In this very brief life, Lubow does not attempt a great deal of criticism. His judgment that the good work was done in the first half of Man Ray’s career, while the second half consisted of consolidation and reprise, is a fair one. Lubow stresses the fluidity of Man Ray’s conception of art:

Freely crossing back and forth between painting, photography, film, object-making, and writing, he only lacked bona fides as a performance artist to be the model of the contemporary multidisciplinary practitioner. And even there, his contributions to Dada evenings might qualify him.

Man Ray always gave primacy to painting in his artistic hierarchy, despite his fondness for eschewing actual paint in his technical experimentations. He would not have wanted to be remembered primarily as a photographer, and especially not as a portrait photographer. Nevertheless, this has come to pass, and some have claimed that he was the greatest portrait photographer of the twentieth century, edging out Yousuf Karsh, Arnold Newman, Irving Penn, Cecil Beaton, and other worthy rivals.

For all his many good qualities, Man Ray was a self-involved person, and this biography leaves a sour taste in the mouth—as Neil Baldwin’s much more comprehensive study did before it. One might think that a short chronicle of Man Ray’s life would make for a fun read, but it really doesn’t. Lubow posits that “the self-absorption and self-protection” that alienated Lacroix, Kiki, and Miller “also contributed to a missing element in his art—the reliance on inventiveness and wit, the lack of self-revelation and emotion.” One might point out that these qualities were characteristic of the era—Dada and then Surrealism—that Man Ray did so much to adorn, and that it could hardly have been otherwise. Man Ray did not change during his American years, 1940–51, but the art world had changed, and he found himself sadly out of step with “the gestural abstract art, prizing emotion and authenticity, that prevailed after World War II.” His moment was over, in fact.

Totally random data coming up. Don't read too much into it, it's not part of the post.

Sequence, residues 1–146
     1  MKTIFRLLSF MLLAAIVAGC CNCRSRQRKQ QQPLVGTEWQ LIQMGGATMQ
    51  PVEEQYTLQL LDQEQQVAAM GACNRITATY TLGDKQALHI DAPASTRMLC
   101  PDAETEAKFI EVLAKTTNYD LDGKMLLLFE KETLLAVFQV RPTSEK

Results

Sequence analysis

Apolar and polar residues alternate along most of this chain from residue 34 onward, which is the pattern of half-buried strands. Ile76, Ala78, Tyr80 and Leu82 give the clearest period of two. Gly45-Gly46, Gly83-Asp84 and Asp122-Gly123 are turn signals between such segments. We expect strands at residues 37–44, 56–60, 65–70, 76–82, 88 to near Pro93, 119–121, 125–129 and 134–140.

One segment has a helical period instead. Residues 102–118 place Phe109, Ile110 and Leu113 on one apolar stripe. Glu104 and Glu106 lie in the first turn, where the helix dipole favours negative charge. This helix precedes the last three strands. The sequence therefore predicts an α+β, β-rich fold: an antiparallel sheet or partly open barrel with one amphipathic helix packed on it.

Late in life he stated his “personal creed”: “To paint as much as possible unlike other painters, above all, to paint unlike myself—so that each succeeding work, or series of works, shall be entirely different from preceding works.” Is this the creed of an adult? Is it possible? Is it desirable? The effort to live up to it is perhaps what stopped his progress halfway through his career. Only someone truly shallow, or with no individuality, can “make it new” all the time, over and over. Man Ray’s individuality—what makes his works recognizably his and not “entirely different” from one another—is what made him as good as he was.

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This article originally appeared in The New Criterion, Volume 40 Number 7, on page 66